How to Tempura Anything

January 25, 2016

It is a truth universally acknowledged that a crisper drawer full of fast-wilting vegetables will disappear quickly and easily into soup. And soup is a good option. But sometimes you just want to fry everything in sight, which is where tempura comes in.

You can tempura broccoli stems and florets, onion rings, shrimp, mushrooms, sweet potatoes! Photo by Bobbi Lin

At its most basic, tempura is a Japanese technique of frying ingredients after they've been coated in a thin batter. Traditionalists will say shrimp and shrimp heads, eel, squid, squash, and other vegetables. Less traditionally—that is, between you and me—anything goes, even fruit or ricotta-stuffed squash blossoms.

Because the languishing produce drawer (and frying mood) can come at any moment, it's good to have the tempura technique at the ready. Here it goes (you don't even need a recipe!):

1. Put a quart of club soda or seltzer water (or beer) in the fridge (or, depending on how soon you'd like to get frying, the freezer).

This bubbly water is a crucial part of your tempura batter—and the colder it is, the crispier your tempura will be. Some say that this is because it slows how quickly oil penetrates the batter; others suggest that because gluten in flour develops more quickly with warmth (and more slowly with cold), colder batter will yield a crispier, less chewy result. Whatever the reason, it doesn't hurt (and then you can drink the chilled seltzer alongside your tempura).

2. Ready your raw vegetables (or shrimp, or whatever else you'd like to fry) into bite-sized pieces.

Remember that, for the most part, you'll want to be able to eat each piece in one bite. Broccoli or cauliflower should be snipped into florets, potatoes into rounds 1/3-inch thick, scallions trimmed to a manageable size, onions sliced into rings. If you'd like to fry shrimp, peel and devein them, but leave the tail shells on. Apples would also work! Just core them and slice them into rings.

Photo by James Ransom

3. Set up your fry station.

Get your oil heating before you put together the batter. The oil won't get too hot if you start it on low heat, and you don't want the batter to sit too long, because the carbonated water will go flat. (Bummer.)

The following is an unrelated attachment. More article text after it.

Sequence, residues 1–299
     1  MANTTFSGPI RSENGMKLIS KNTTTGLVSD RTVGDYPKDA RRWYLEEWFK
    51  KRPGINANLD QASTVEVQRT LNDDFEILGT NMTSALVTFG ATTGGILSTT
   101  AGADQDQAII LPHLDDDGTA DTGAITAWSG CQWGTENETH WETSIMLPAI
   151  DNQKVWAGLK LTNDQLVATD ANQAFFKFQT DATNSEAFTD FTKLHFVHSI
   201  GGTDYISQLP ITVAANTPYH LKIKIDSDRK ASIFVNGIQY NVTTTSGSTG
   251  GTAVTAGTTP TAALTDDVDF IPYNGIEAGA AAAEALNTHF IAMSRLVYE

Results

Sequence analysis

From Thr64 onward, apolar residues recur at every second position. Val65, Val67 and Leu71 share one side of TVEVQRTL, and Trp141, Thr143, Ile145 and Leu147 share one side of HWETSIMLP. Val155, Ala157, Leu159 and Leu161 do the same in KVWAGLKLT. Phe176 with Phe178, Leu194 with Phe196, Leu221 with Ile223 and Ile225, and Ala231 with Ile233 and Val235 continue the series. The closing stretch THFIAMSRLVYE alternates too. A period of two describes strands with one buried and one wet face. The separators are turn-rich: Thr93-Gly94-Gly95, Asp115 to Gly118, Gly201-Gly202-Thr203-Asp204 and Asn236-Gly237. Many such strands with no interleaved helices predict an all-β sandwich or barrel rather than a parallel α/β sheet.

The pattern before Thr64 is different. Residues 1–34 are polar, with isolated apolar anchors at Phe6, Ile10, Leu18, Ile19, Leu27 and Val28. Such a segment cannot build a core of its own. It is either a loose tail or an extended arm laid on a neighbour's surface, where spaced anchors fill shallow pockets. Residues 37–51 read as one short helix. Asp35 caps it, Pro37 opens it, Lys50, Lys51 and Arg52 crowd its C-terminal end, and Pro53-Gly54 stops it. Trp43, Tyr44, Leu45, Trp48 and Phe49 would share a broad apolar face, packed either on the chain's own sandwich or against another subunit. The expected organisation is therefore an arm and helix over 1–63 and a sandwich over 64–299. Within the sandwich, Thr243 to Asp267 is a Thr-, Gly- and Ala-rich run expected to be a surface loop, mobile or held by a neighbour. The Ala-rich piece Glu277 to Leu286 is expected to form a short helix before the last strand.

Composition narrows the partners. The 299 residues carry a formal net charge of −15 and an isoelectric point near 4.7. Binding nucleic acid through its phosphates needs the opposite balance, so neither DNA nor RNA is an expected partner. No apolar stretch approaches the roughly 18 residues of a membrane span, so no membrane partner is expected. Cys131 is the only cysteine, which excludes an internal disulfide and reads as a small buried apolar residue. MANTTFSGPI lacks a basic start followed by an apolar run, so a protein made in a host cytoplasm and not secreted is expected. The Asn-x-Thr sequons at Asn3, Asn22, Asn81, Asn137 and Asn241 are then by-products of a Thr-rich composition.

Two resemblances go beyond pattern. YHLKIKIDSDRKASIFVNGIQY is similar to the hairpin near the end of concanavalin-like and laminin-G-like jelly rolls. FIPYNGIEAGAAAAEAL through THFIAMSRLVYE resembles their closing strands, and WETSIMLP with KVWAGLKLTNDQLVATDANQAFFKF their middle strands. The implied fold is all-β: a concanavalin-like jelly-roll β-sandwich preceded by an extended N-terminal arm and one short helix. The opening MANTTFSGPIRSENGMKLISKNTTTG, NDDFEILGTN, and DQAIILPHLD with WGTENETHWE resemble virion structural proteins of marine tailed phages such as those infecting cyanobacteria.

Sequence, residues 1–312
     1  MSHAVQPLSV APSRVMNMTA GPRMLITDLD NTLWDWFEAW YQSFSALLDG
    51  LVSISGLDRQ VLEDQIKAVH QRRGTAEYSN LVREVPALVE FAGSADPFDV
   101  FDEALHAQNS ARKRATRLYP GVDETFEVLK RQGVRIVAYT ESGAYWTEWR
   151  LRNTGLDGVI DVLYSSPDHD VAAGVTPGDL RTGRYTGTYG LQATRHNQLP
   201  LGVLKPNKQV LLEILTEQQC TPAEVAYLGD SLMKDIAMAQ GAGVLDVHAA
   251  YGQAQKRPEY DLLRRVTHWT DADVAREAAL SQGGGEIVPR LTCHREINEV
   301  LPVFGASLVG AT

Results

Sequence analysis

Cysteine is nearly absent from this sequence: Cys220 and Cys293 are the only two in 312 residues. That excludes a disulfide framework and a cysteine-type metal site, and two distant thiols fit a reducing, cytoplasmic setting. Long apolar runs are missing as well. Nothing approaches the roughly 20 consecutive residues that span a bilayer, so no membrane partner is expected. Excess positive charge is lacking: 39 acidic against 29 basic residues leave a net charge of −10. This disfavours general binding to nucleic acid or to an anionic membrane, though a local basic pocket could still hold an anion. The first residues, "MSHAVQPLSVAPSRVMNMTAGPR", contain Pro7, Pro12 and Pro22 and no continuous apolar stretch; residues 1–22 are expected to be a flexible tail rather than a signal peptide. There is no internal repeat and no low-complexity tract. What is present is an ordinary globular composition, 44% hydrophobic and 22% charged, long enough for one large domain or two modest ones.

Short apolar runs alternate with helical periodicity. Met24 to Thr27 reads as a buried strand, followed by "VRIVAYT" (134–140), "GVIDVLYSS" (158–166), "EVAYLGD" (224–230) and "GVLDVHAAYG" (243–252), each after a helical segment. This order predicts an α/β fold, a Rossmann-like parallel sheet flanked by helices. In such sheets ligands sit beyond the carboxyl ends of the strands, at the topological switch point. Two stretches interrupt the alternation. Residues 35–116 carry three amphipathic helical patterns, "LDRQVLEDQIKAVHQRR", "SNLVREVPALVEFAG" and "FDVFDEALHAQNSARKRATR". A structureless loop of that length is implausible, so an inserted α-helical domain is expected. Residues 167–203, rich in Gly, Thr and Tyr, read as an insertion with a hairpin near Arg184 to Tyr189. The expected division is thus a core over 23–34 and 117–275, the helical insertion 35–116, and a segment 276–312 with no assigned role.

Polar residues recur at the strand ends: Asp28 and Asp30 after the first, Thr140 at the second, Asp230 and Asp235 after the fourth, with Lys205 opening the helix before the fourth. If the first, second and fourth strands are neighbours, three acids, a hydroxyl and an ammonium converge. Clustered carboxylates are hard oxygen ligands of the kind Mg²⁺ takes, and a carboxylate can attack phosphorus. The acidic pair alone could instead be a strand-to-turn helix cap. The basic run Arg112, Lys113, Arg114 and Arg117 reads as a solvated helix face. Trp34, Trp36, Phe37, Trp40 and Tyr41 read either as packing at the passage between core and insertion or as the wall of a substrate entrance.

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You'll need a heavy-bottom pot (a Dutch oven will work), a paper towel-lined baking sheet or cooling rack, a set of tongs, and a good amount of oil with a high smoke point. (Canola and peanut oil are both good options.) Pour about 3 inches of oil into the pot and begin to heat the oil to between 340° F and 360° F over medium-low heat.

If you have a thermometer, use it! If not, look for oil that's shimmering. It will be ready for frying when a spoonful of batter dropped into the pot dips towards the bottom and then quickly rises towards the top of the oil.

Bubbles in the club soda make for a light, airy batter. Photo by Bobbi Lin

4. Make the batter.

Whisk together all-purpose or rice flour with some salt; a good place to start is 3 cups of flour with a heaping teaspoon of salt. (This will get you 30 to 40 pieces.) This is also the time to whisk in spices if you want them! For 3 cups of flour, a heaping teaspoon or more of cayenne adds a kick. Cinnamon, lemon zest, or matcha would all be welcome, too.

Grab your club soda (or seltzer or beer) from the fridge. With your whisk at the ready, slowly begin pouring and mixing the club soda into the dry ingredients, whisking constantly to combine. The batter should be quite thin—close to the consistency of pancake batter. Try to get rid of as many clumps as possible, but do not over-mix! You don't want the gluten in the flour to develop.

Let any excess batter drip off before frying. Photo by Bobbi Lin

5. Dunk the pieces in the batter.

It's good to do this in batches: Dunk a group of vegetables and start frying that batch while you dunk the next round of vegetables. You can dunk piece by piece or toss everything in at once, letting excess batter drip off the pieces before you fry them by scooping them up with a slotted spoon or your fingers. Too much batter will make for soggy tempura.

If you're dunking seafood as well as vegetables, avoid cross-contamination by doing the vegetables first.

Remove each piece with tongs (or, if you have one, a spider). Photo by Bobbi Lin

6. Fry, fry away!

When the oil is between 340° F and 360° F, start frying! Take care not to crowd the pot, as this will lower the temperature of the oil—which will result in soggy tempura. (And there's nothing worse than soggy tempura.)

Use tongs or a spider to remove the tempura to a paper towel-lined baking sheet or cooling rack.

It's highly likely a friend will be willing to "help." Photo by Bobbi Lin

7. Serve hot.

They're good eaten as is, with fingers or chopsticks, but also make for a special topping on rice (or alongside soup).

That's it! Now you go: Share your own frying advice in the comments.

See what other Food52 readers are saying.

  • Mahermtutu
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    Lina Chen
  • Caroline Lange
    Caroline Lange
Writing and cooking in Brooklyn.


Mahermtutu January 17, 2021
The shrimp have to be coat with flour before the batter
Lina C. January 26, 2016
Tempura vegetables are easy for me but shrimp always gets soggy soon as it comes out of the oil with the coating slipping off. I don't know what I'm doing wrong.
Caroline L. January 26, 2016
hmm—it may be that your shrimp aren't completely dry when you dip them in the batter? if there's moisture between the coating, it would make it slip off! you could also possible try dusting the shrimp with a little bit of flour before dipping it in batter. i hope this helps! let me know if you try again.